Luis Losada is currently working at the International Organization for Migration (IOM) in Costa Rica and previously completed an MA in International Conflict Studies at King´s College London and a BA in Law and Political Science at Complutense University, Spain. You can follow him on Twitter @Luis_losada_.


Notes:

[1] Stephen Graham, “Cities Under Siege: The New Military Urbanism”, Verso, London and New York, 2011, 66.

[2] Stephen Graham, “Cities Under Siege …”, 149.

[3] Kirstie Ball, Kevin D. Haggerty and David Lyon., “Routledge Handbook of Surveillance Studies”, Routledge, London and New York, 2014, 241.

[4] Zygmunt Bauman and David Lyon, “Liquid surveillance: A conversation”, Policy Press (2012), 103.

[5] UN DESA, Country Profile: Mexico, Percentage of population in rural and urban areas”, World Urbanization Prospects 2018, Population Division. Available at https://population.un.org/wup/Country-Profiles/ (Accessed by 26/11/2018).

[6] Observatorio de la Ciudad de Mexico, Reporte Anual 2017: Incidencia de los delitos de alto impacto en México, 2017. Available at http://onc.org.mx/wp-content/uploads/2018/08/Reporte-Incidencia-delictiva-CDMX-2t2018.pdf (Accessed by 29/08/2018).

[7] Mexico Crime Report, Homicides Rate since 1990. Available at https://elcri.men/en/ (Accessed by 26/11/2018).

[8] Idem.

[9] Nelson Arteaga Botello, “Urban Securitization in Mexico City: A New Public Order”, Policing Cities, Urban Securitization and Regulation, Taylor and Francis Group, 231-245 (2013), 241.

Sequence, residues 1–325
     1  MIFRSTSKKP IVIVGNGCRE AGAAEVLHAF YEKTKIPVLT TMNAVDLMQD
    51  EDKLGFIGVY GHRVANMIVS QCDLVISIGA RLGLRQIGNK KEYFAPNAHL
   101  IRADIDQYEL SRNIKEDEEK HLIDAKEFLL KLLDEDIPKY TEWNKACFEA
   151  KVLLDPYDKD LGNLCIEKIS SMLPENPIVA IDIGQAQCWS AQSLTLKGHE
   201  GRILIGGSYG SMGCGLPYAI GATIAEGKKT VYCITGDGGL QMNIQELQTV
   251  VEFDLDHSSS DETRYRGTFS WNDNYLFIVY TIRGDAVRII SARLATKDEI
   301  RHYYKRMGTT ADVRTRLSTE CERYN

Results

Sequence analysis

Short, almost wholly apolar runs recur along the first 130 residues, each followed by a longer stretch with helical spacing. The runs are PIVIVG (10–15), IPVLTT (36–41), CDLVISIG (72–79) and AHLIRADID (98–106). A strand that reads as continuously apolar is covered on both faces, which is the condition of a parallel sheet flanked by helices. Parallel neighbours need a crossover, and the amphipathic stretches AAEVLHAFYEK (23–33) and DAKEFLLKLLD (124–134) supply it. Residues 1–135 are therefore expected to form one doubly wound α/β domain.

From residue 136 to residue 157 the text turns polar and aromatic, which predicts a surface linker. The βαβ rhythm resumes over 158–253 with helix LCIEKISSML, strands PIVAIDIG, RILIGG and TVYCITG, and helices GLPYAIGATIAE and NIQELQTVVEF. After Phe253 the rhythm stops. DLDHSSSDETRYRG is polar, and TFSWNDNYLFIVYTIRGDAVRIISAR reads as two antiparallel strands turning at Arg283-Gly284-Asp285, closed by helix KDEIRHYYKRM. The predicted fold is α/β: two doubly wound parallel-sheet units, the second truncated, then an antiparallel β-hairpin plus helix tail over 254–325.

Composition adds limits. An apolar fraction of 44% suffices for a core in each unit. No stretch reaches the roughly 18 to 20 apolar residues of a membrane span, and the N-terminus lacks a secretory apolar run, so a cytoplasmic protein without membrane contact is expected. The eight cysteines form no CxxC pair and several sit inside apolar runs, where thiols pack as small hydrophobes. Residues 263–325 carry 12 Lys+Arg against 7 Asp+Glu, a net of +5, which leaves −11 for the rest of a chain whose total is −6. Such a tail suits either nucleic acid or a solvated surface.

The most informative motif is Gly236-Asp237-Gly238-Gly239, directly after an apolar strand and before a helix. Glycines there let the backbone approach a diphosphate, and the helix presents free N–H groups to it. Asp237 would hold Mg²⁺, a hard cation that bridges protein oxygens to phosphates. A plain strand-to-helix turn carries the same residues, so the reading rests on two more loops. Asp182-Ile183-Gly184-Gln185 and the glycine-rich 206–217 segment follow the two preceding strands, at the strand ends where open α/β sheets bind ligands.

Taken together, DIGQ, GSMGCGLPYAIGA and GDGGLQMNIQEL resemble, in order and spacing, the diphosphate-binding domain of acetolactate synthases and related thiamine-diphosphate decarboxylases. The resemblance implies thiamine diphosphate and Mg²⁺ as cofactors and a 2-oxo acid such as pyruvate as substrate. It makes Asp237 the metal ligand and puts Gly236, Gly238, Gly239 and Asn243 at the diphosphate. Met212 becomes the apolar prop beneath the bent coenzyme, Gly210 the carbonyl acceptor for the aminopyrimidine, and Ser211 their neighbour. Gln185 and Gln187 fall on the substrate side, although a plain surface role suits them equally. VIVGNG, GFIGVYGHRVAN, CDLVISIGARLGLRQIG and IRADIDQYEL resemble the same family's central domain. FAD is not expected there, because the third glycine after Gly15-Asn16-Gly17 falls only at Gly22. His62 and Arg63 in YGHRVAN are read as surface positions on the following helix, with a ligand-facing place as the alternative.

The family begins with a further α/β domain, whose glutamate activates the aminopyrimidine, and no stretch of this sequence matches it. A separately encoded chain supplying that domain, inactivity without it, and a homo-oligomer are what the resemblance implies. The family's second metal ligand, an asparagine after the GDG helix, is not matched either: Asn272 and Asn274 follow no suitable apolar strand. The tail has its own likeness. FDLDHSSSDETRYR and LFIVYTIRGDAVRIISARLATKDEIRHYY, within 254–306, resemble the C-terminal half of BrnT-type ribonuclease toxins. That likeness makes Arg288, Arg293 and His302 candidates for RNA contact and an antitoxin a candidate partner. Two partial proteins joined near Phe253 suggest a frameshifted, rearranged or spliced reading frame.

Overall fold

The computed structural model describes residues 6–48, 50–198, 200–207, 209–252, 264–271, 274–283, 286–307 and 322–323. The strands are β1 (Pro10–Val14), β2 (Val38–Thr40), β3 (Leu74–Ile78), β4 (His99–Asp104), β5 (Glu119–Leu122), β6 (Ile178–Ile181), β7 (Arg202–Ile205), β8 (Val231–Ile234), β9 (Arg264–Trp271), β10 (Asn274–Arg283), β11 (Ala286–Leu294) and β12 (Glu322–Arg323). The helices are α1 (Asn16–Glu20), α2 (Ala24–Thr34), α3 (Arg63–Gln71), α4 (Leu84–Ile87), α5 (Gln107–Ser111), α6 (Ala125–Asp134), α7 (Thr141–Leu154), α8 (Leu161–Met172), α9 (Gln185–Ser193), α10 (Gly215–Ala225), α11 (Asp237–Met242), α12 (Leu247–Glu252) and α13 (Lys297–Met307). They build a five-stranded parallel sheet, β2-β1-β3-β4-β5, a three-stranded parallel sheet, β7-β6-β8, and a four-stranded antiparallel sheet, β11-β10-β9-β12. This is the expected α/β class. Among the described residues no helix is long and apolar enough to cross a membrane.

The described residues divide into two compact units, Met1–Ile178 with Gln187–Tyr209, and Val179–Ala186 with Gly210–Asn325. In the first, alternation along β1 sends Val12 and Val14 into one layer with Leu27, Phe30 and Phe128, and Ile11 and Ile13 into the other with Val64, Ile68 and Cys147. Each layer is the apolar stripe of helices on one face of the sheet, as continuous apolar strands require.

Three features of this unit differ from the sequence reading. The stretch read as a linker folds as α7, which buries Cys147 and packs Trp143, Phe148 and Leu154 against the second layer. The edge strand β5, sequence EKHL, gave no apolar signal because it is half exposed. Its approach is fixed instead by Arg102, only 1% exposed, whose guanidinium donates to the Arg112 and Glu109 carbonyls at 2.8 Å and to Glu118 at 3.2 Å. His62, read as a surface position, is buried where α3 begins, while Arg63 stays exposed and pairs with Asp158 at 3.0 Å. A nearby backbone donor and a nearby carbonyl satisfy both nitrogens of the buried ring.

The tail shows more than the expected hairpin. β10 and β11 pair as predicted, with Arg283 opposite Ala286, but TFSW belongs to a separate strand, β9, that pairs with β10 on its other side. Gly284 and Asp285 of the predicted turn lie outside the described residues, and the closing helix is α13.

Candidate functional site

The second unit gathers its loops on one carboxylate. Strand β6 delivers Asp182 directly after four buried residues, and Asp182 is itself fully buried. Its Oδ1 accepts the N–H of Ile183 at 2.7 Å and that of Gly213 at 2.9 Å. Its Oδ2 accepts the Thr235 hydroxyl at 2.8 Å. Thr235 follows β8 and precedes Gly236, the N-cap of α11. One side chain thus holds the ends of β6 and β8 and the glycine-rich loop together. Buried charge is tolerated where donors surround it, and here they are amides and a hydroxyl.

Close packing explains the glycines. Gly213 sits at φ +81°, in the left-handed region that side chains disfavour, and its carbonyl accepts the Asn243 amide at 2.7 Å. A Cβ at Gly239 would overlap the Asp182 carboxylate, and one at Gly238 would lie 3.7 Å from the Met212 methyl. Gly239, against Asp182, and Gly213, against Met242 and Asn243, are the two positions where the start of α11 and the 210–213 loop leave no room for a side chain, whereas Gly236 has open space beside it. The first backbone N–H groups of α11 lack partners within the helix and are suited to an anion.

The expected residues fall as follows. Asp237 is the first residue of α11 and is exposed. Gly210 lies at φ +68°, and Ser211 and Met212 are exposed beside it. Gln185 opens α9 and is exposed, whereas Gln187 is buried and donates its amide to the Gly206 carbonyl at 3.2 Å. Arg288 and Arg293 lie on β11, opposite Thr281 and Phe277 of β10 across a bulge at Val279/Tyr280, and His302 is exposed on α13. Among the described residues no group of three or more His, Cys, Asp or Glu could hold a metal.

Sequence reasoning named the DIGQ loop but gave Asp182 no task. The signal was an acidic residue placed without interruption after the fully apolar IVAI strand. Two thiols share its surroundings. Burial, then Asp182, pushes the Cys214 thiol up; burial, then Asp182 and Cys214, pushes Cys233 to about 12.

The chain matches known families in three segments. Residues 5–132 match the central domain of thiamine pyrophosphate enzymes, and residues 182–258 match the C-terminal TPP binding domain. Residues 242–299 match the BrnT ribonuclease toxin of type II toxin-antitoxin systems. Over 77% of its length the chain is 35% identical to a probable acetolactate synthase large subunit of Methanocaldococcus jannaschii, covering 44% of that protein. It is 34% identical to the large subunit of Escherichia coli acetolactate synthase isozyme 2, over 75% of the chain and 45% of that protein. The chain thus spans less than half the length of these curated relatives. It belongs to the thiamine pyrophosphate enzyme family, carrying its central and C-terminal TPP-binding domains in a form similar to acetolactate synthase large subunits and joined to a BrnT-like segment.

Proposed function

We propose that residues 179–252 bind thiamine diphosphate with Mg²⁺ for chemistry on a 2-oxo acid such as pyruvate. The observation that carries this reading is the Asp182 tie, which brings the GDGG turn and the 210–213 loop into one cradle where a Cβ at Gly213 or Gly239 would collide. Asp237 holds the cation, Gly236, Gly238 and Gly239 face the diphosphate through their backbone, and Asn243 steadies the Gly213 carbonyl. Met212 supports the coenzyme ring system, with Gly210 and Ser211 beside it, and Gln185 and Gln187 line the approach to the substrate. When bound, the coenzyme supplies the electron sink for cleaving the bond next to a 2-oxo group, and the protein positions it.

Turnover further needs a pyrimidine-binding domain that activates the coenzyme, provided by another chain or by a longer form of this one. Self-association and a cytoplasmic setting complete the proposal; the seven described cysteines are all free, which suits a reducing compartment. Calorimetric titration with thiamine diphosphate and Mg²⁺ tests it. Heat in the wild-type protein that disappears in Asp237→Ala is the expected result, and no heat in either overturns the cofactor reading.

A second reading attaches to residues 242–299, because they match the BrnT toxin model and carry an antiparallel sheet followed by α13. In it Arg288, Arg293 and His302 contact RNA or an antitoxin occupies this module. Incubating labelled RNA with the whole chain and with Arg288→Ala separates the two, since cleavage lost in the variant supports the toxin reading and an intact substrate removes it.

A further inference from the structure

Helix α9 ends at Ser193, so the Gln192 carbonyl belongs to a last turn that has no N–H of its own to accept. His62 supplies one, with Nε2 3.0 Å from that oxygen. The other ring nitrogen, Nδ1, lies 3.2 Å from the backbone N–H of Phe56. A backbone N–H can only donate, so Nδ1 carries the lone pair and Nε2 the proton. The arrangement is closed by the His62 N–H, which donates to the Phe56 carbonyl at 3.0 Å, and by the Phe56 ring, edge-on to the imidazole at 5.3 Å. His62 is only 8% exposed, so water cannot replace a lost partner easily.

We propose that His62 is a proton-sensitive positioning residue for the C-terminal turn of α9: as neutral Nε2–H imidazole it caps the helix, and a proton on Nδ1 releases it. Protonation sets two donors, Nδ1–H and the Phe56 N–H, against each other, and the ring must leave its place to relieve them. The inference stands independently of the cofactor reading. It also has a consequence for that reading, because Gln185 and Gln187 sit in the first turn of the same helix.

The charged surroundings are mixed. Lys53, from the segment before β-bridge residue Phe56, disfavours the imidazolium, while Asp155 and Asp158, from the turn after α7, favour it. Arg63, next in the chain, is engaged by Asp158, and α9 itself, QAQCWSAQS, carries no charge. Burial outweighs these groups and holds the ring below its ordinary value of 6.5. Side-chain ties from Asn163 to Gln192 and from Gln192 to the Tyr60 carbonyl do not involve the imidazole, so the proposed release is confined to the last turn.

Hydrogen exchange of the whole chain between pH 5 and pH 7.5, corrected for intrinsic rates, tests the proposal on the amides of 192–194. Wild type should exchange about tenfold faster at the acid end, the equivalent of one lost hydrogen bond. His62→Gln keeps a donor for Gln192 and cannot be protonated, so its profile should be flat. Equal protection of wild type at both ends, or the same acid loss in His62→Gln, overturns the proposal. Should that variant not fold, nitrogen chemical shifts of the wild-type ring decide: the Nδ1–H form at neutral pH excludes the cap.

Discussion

[10] Ibid. 242.

[11] Ibid. 231.

[12] Nelson Arteaga Botello, “Urban Securitization in Mexico City”, (2013), 235.

[13] Ibid, 236.

[14] Some of the cameras in the streets are equipped with emergency buttons (10,074) and voice alarms speakers (12,364) [14] that in theory connects directly to a local police officer and aimed to ease the process of crime reporting.

[15] EL UNIVERSAL, “Más de 35 mdd, costo de cámaras de video vigilancia”, El Universal (2013). Available at http://archivo.eluniversal.com.mx/notas/930851.html (Accessed by 29/07/2018) and Lucia Jasso- Personal Interview, Mexico City (22/05/2018).

[16]MILENIO, “Conectan al C5 Cámaras de cinco plazas en la CDMX”, GRUPO MILENIO 2018. Available at http://www.milenio.com/estados/conectan-al-c5-camaras-de-cinco-plazas-mas-en-la-cdmx (Accessed by 29/07/2018)

[17] Víctor Hugo Ramos Ortiz- Personal Interview, Mexico City (25/05/2018).

[18] Idem.

[19] Idem.

[20] Idem.

[21] Víctor Hugo Ramos Ortiz- Personal Interview, Mexico City (25/05/2018).

[22] Zygmunt Bauman and David Lyon, “Liquid surveillance”, (2012), 105.

[23] Idem.